My Email Got Hacked - Now What Do I Do?

Andrew Sanders Andrew Sanders Writer

The thought of having one’s email hacked is devastating. I personally know that if I lost access to my email, I’d immediately lose a lifeline to some of my closest friends and business associates. What’s more, my email address serves as the hub that connects me to my bank, my social media accounts, my e-commerce accounts, and more.

Anyone who gains access to my email address would very easily be able to access these connected accounts as well.

In short, if my email address gets hacked, I’m going to have a very bad day. What precautions should you take?

For most people, their email address has become about as central to their lives as their home address. Research from 2015 shows that the average American has 90 accounts associated with their email address. That means that every attacker who breaches your email account has around 90 opportunities to mine data about your personal life, steal your money, and cause havoc.

What should you do when this happens, and how should you protect against it?

What does “hacked” mean anyway?

People often use three scenarios to describe their email being hacked. Fortunately, these things have differing levels of severity. People may say that their email is hacked if:

  • People are receiving phishing emails from you that you didn’t send
    Every so often, people might tell you that they’re receiving phishing emails that appear to be from your address. This may be a sign that your account has been taken over – especially if you check your sent items and see phishing emails there. More likely, however, you’re the victim of “email spoofing.” This is when an attacker sends emails that appear to be from your account in order to fool your trusted contacts. Although this should be dealt with by warning your friends, it doesn’t mean that an attacker has stolen your password.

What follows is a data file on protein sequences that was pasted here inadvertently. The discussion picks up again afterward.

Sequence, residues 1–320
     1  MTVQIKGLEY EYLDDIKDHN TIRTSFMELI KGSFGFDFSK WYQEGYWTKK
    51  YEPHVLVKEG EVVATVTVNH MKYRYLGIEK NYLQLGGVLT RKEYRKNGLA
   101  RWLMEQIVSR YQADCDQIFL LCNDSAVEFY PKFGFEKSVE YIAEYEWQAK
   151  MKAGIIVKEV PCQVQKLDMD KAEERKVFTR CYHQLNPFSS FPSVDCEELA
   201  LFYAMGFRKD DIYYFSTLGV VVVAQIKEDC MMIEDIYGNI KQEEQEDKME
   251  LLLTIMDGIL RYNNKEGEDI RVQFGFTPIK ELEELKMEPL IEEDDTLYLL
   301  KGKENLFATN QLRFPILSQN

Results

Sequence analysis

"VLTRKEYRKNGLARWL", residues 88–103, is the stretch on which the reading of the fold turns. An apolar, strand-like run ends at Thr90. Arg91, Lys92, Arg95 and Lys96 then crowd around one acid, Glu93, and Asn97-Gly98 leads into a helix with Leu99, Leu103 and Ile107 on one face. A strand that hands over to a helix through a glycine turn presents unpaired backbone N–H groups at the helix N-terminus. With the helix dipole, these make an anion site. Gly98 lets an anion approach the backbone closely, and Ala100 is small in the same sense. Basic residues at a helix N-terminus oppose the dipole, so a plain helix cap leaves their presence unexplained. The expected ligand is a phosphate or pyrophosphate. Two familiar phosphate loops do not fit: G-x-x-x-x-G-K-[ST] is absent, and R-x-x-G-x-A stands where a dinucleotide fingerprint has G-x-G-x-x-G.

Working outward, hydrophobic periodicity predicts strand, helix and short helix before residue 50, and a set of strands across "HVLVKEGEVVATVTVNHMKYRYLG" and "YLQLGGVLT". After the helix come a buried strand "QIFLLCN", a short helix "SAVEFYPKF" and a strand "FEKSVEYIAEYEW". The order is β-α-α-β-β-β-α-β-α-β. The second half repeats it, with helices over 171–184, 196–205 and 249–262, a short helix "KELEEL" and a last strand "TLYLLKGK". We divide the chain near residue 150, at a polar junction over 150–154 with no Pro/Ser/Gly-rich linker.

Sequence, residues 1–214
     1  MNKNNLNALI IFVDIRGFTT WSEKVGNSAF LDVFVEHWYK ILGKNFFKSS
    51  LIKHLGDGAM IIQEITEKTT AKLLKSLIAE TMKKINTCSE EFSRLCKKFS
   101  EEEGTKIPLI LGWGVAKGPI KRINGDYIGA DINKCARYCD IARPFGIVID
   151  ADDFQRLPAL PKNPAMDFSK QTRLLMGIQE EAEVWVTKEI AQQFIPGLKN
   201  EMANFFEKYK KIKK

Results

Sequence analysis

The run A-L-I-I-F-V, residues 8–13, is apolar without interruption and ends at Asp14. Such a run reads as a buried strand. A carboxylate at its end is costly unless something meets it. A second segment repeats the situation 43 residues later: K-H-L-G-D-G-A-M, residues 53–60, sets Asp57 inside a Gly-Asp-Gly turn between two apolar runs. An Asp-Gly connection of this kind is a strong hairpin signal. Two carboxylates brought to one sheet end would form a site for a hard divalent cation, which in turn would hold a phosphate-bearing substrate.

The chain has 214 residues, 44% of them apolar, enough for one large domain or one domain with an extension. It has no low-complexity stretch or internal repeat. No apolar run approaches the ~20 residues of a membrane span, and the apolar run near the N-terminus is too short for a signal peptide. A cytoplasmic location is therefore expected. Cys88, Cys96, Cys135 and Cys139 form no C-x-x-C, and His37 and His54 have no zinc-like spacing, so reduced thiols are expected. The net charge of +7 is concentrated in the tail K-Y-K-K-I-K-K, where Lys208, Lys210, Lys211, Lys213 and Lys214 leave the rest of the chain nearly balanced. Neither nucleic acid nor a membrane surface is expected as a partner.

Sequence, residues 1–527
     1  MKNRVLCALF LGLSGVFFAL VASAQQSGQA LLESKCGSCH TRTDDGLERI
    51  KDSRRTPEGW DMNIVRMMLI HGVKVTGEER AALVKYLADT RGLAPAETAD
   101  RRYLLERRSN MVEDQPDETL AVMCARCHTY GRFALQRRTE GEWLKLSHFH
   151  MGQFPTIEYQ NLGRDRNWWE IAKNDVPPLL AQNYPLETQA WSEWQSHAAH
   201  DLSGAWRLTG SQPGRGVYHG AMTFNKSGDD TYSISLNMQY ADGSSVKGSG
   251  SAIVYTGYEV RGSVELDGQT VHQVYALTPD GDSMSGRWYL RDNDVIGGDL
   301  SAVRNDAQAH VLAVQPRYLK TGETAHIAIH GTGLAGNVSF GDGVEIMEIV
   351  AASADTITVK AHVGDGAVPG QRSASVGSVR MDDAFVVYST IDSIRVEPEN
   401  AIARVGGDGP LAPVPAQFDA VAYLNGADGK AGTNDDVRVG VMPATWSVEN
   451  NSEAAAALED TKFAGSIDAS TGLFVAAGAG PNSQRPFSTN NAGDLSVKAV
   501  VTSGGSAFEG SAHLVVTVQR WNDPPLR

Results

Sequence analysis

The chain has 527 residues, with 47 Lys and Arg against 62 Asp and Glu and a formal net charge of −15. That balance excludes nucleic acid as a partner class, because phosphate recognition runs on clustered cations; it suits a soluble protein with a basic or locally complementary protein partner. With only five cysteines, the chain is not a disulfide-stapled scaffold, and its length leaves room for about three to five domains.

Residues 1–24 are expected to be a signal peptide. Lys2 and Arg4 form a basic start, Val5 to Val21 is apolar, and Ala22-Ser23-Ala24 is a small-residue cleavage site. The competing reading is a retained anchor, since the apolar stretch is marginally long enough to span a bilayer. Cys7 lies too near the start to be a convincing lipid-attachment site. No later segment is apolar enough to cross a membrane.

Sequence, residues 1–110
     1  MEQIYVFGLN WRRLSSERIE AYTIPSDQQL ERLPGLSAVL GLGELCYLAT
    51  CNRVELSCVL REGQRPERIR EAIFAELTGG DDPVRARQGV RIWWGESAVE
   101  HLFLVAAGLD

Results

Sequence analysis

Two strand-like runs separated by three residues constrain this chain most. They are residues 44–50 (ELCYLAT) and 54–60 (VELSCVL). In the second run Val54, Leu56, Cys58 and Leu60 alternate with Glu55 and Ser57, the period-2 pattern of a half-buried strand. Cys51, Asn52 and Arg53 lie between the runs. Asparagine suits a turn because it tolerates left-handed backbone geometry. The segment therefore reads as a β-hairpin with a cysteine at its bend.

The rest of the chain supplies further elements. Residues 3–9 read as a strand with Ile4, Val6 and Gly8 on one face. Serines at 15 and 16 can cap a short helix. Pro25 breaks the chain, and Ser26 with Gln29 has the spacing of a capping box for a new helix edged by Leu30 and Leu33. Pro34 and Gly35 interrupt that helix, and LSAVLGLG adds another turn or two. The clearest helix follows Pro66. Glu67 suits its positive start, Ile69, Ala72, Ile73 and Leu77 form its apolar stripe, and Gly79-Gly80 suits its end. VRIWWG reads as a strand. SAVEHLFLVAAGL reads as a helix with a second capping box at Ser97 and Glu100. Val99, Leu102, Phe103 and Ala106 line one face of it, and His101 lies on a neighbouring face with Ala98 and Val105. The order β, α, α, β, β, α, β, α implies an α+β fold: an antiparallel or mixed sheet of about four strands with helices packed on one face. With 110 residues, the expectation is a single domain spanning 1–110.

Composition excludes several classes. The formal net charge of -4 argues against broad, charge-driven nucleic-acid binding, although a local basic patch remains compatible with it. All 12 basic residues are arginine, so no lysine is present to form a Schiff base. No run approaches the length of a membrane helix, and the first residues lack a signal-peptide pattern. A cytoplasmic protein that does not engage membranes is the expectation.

• Their email address has been released as part of a data breach
    In January 2019, approximately 773 million email addresses were leaked as part of what’s now known as the Collection #1 data breach. If your email address is part of a data breach, that means that one of the services you subscribe to was hacked – but it doesn’t necessarily mean that hackers have access to your email account. You should probably change your password as a preventative measure, however. Meanwhile, you can check here to see if your email address has ever been part of a data breach.
  • You are being prevented from logging into your email account
    If you wake up one morning and find that you can’t login to your email account, people you know are getting suspicious messages, and that there’s strange activity on your social media profiles, then it’s likely your account has been compromised. You can still get it back, however, if you can follow the steps below.

Steps to recover a compromised email account

Step 1. Immediately Reset Your Password
Most popular email services such as gmail will prompt you to set up a password recovery method. This usually involves a secondary email address or your phone number. Your provider will email a password recovery link to your secondary account or text it to your phone and you’ll be able to recover from there.

If you don’t have a secondary email set up, or if an attacker is preventing your from re-authenticating your account (for example, by changing your phone number to that an account recovery text can no longer be sent to your device), there are still a few options. Gmail, for example, has a dedicated account recovery page that will let you recover your account by verifying your personal details.

Step 2. Warn your contacts

Attackers will commonly use compromised email addresses to send phishing emails to their contacts. Make sure your friends don’t get hacked by sending them a quick warning.

Step 3. Check your settings

Even if you’ve regained control over your account, your attacker can leave the equivalent of a time bomb by changing you email settings. This involves changing your settings so that a copy of every email you send or receive is forwarded to a secondary account controlled by the attacker without your knowledge. They can also add spam links to your signature or even change the email address that your contacts are supposed to reply to.

Step 4. Get an antivirus program

Attackers have different ways of stealing an email address. Some might simply have guessed your password. Others might have infected your computer with malware designed to steal your password instead. Whatever the case may be, it’s still a great idea to make sure your computer is protected after your email account is hacked – all the better to prevent it from happening again. If you’re interested in learning more about how to protect your computer, look at our list of Top 10 Antivirus Programs.

About the Author

About the Author

Andrew is a former writer for SafetyDetectives. He specializes in technology, information security, telecommunications, and more.